Bizarre Arguments Against the Estate Tax

| Mon Jun. 5, 2006 8:05 PM EDT

Brad DeLong wants to know if there are any "serious" economists willing to argue that repealing the estate tax, as Republicans in Congress are trying to do, is actually a good thing. Apparently Ed Prescott believes it. But his Wall Street Journal piece is pretty silly. First, we're told that the estate tax—which currently only hits estates worth over $4 million—is somehow unfair:

What is fair, for example, about telling someone that he will be unable to distribute his hard-earned money, which has already been taxed once, to his heirs as he sees fit?
Er, okay. The idea that the estate tax amounts to "double taxation" and therefore is somehow unfair is baffling. For starters, plenty of income subject to the estate tax includes capital gains which have never been taxed. But even if the estate tax does amount to "double taxation," so what? Plenty of "hard-earned" money is subject to double taxation. I, for one, paid income taxes last year and then the other day went out for dinner and bought a burrito, which was subject to a sales tax. If that's not double taxation I don't know what is; somehow, people manage. Next up is the argument that the estate tax doesn't amount to that much money anyway, so why bother with it:
Besides, even if estate taxes were not inefficient and could be construed as fair, they would still do little to address the budget deficit. In 2003, net estate taxes accounted for $20.7 billion, a drop in the bucket of an $11 trillion economy. Clearly, we are not going to balance the budget by grave robbing.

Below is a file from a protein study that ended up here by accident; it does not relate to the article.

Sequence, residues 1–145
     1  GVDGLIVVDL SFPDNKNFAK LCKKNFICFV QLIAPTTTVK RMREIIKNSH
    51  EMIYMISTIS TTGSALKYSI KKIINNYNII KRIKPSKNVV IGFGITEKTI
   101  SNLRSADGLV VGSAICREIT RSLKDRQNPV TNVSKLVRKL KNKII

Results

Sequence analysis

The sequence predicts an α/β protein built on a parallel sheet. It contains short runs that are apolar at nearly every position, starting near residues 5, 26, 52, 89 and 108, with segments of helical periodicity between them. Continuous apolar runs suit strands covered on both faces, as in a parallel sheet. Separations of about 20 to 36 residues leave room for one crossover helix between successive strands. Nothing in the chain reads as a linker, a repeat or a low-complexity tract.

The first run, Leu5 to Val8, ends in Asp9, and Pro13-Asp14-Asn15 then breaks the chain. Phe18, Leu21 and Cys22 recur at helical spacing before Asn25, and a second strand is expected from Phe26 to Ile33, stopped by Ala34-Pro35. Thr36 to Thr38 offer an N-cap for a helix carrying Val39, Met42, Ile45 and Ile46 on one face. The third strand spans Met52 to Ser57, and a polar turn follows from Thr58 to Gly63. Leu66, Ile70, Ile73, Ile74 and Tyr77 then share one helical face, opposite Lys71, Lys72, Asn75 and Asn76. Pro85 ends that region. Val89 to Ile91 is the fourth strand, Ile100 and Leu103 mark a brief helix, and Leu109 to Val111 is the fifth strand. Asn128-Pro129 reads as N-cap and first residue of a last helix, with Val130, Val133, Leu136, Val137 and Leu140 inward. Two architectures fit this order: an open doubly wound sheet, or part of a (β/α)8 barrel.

Of course. If a single tax increase can't eliminate the deficit all by itself, it's not worth doing. Nonsense. The Center on Budget and Policy Priorities has already calculated that repealing the estate tax after 2010 will cost the federal government $1 trillion between 2012 and 2021. That's a lot of money. Robert Ball, the Social Security Commissioner under Kennedy, has estimated that if the estate tax was kept at its (already-reduced) 2009 rates, it could, for instance, be dedicated to funding Social Security and be used to close up to half of that program's actuarial imbalance (which is almost certainly overstated anyway, but you get the point…) Useful? Of course. I understand why billionaires who couldn't care less about the state of the country's finances want to see the estate tax repealed, but it's baffling why actual economists who should know better would get on board.

UPDATE: For those so inclined, here's a good paper on the estate tax. Actual facts and stuff.